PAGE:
I’ve been a fan and user of continuous integration for quite a while now, yet I’ve been keen to pick up the book “Continuous Integration: Improving Software Quality and Reducing Risk” by Paul M. Duvall et. al. to see, if it can live up to be the first book dealing exclusively with the topic. They don’t have to sell me on the idea anymore, but still, there’s always something to learn.
Now here’s a little gem I’ve been waiting for a long time, and that I just discovered today. Usually i just implemented custom scripts that would check the build status in CruiseControl and use Growl to notify me of build errors. I don’t like having my email client open all the time just to see if the build failed, so this is a god-given.
CCMenu wants to remedy that, and comes along with support for all the CruiseControls out there, sitting in your menu bar, and checking your dashboards for the build status. It also signalizes, if a build is currently running.
Just as you’d expect it to, in good pragmatic automation fashion, it’ll notify via Growl of the build status.
Apparently the tool has been written by ThoughtWorks people, no surprise here. Well done is all I can say. It still has some rough edges, but it’s open source, so no need to complain, just more reasons to dig in.
Been using it with CruiseControl.rb all day, and it’s working neatly.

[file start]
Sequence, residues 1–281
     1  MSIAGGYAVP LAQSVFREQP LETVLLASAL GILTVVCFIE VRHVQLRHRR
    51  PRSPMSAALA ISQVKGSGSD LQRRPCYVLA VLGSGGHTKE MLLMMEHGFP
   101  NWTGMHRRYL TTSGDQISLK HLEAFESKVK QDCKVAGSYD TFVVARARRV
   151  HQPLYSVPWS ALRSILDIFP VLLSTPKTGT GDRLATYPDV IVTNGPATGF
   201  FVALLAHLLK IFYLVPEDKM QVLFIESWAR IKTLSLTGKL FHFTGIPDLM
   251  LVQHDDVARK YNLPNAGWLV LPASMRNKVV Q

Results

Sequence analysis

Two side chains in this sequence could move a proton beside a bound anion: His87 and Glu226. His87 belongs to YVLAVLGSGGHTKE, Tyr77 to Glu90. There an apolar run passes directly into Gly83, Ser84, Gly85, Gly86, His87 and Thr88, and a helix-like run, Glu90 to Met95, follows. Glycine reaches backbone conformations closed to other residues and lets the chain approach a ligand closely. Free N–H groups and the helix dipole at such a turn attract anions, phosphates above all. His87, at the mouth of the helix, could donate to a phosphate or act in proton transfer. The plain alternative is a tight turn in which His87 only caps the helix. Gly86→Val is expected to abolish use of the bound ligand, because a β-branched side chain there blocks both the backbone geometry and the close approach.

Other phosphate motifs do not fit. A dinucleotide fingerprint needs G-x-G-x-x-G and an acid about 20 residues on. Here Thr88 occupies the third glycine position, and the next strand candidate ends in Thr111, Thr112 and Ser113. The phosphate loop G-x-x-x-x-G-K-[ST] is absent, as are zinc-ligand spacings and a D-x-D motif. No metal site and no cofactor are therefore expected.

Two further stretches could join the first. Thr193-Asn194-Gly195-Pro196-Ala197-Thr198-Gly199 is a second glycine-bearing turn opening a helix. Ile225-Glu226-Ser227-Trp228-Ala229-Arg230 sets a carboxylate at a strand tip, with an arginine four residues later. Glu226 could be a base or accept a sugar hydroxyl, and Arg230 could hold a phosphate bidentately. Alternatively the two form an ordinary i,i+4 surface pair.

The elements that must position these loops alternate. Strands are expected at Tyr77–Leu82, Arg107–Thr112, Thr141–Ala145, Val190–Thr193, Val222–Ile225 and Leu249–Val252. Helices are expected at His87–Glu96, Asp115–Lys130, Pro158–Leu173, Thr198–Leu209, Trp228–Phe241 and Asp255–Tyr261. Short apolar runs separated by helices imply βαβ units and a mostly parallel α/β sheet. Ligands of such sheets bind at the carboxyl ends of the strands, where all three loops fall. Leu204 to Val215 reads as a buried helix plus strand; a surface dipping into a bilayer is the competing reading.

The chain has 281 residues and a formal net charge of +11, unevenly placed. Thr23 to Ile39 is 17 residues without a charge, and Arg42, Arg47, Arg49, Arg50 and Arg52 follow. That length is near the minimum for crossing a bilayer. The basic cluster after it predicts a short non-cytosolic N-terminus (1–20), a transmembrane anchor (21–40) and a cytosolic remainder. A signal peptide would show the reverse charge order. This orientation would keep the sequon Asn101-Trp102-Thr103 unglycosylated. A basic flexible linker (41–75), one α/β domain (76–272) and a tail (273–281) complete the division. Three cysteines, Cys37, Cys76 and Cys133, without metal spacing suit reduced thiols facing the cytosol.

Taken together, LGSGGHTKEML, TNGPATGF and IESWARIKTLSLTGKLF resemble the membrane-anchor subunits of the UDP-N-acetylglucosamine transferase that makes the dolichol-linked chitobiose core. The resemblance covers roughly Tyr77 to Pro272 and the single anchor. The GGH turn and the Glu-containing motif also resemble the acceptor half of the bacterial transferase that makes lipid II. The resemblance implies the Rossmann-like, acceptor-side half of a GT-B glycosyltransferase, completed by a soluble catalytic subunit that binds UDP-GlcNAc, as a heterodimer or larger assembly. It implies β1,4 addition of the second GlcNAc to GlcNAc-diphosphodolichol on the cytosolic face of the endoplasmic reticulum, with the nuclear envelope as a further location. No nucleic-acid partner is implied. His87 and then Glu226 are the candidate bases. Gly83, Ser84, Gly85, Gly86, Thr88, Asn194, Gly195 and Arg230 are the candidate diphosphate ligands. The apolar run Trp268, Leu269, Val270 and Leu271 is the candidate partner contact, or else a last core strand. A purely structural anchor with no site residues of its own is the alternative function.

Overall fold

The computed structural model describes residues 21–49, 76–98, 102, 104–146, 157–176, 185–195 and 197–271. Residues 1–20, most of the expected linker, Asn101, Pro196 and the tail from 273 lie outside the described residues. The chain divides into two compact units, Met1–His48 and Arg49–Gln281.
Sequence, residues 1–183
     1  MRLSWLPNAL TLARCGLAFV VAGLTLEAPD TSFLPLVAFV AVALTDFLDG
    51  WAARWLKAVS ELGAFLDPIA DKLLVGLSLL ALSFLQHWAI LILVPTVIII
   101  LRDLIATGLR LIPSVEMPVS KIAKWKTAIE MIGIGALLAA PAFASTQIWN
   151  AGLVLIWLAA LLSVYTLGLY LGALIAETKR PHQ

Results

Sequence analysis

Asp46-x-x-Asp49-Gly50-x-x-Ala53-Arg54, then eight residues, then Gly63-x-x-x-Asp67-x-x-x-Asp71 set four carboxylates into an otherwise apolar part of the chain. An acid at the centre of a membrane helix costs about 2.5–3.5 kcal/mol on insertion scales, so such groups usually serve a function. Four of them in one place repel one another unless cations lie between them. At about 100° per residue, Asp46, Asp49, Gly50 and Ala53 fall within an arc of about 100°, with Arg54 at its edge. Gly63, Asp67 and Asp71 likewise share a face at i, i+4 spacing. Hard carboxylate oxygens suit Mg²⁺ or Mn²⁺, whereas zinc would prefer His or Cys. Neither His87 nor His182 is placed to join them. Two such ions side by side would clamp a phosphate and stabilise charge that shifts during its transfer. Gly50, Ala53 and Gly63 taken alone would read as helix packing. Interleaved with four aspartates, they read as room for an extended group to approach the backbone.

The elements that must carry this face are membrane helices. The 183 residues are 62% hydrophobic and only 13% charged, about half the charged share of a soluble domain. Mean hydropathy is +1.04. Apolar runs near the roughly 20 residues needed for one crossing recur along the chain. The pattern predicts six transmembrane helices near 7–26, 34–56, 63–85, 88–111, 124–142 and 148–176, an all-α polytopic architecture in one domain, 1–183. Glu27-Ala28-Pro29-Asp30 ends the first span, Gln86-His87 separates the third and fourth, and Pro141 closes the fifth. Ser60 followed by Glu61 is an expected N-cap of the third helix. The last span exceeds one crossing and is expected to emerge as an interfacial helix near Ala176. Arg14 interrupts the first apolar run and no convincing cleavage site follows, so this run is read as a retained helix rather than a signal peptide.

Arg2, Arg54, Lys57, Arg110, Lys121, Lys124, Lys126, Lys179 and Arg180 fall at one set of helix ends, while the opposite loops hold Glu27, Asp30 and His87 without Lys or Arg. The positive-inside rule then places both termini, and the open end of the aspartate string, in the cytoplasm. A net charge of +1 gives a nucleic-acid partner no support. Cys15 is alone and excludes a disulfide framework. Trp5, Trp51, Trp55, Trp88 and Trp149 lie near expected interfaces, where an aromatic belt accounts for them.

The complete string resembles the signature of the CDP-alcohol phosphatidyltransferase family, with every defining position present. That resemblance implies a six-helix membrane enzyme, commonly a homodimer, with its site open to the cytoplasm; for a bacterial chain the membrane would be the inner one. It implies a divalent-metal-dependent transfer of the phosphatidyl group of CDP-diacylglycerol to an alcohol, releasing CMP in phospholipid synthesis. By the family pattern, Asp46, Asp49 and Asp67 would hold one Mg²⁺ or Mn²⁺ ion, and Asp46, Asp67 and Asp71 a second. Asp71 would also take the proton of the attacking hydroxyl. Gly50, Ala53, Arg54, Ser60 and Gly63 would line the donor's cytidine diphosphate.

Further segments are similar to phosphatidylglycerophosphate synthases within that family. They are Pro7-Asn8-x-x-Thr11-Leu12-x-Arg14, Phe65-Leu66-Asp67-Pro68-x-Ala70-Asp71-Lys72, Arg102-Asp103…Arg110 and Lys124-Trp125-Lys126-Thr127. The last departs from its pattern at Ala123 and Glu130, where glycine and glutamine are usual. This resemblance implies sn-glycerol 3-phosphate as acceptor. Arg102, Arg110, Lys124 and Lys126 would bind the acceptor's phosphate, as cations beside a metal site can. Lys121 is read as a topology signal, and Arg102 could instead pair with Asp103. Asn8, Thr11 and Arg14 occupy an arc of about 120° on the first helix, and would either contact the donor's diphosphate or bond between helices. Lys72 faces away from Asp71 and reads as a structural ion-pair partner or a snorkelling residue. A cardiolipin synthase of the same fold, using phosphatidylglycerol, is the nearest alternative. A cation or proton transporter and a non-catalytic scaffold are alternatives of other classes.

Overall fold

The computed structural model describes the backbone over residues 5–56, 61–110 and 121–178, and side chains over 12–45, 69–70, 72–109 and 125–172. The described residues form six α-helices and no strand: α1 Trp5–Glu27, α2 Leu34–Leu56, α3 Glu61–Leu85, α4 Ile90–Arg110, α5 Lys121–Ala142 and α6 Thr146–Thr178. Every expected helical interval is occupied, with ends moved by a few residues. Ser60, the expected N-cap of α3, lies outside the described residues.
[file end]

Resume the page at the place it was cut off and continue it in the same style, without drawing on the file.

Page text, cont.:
The book market is being swamped with new books. It seems like every day I discover a new announcement for an upcoming book on Ruby or Rails. Let’s see what’s currently in stock, and what’s waiting for us next year.
Mocking is a great part of RSpec, and from the documentation it looks insanely easy. What had me frustrated on a current project is the fact that the mocks and stubs wouldn’t always do what I’d expect them to do. No errors when methods weren’t invoked, and, the worst part, mocks wouldn’t be cleaned up between examples which resulted in rather weird errors. They only occurred when run as a whole with
rake spec but not when I ran the specs through TextMate.
I was going insane, because noone on the mailing list seemed to have any problems, same for friends working with RSpec. Then I had another look at the RSpec configuration.
Turns out, the reason for all of this is that Mocha was used for mocking. Switching the configuration back to use RSpec’s internal mocking implementation, everything worked like a charme from then on.
So what you want to have in your
SpecHelper isn’t this:
Spec::Runner.configure do |config| config.mock_with :mocha end
Spec::Runner.configure do |config| config.mock_with :rspec end
or no mention at all of
mock_with which will result in the default implementation being used which is, you guessed it, RSpec’s own.
Friday’s tab sweep for a little weekend reading.